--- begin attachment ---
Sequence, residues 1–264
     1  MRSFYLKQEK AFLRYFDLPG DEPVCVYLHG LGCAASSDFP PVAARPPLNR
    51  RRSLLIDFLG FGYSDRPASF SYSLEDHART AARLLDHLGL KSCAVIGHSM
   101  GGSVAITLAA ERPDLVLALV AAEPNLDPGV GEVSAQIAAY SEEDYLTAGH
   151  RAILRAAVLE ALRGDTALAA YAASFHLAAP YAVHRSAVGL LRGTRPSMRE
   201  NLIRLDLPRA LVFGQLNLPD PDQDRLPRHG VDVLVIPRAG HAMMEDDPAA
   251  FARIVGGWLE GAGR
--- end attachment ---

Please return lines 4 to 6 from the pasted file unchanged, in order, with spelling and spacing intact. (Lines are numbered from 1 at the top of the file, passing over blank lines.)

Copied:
   101  GGSVAITLAA ERPDLVLALV AAEPNLDPGV GEVSAQIAAY SEEDYLTAGH
   151  RAILRAAVLE ALRGDTALAA YAASFHLAAP YAVHRSAVGL LRGTRPSMRE
   201  NLIRLDLPRA LVFGQLNLPD PDQDRLPRHG VDVLVIPRAG HAMMEDDPAA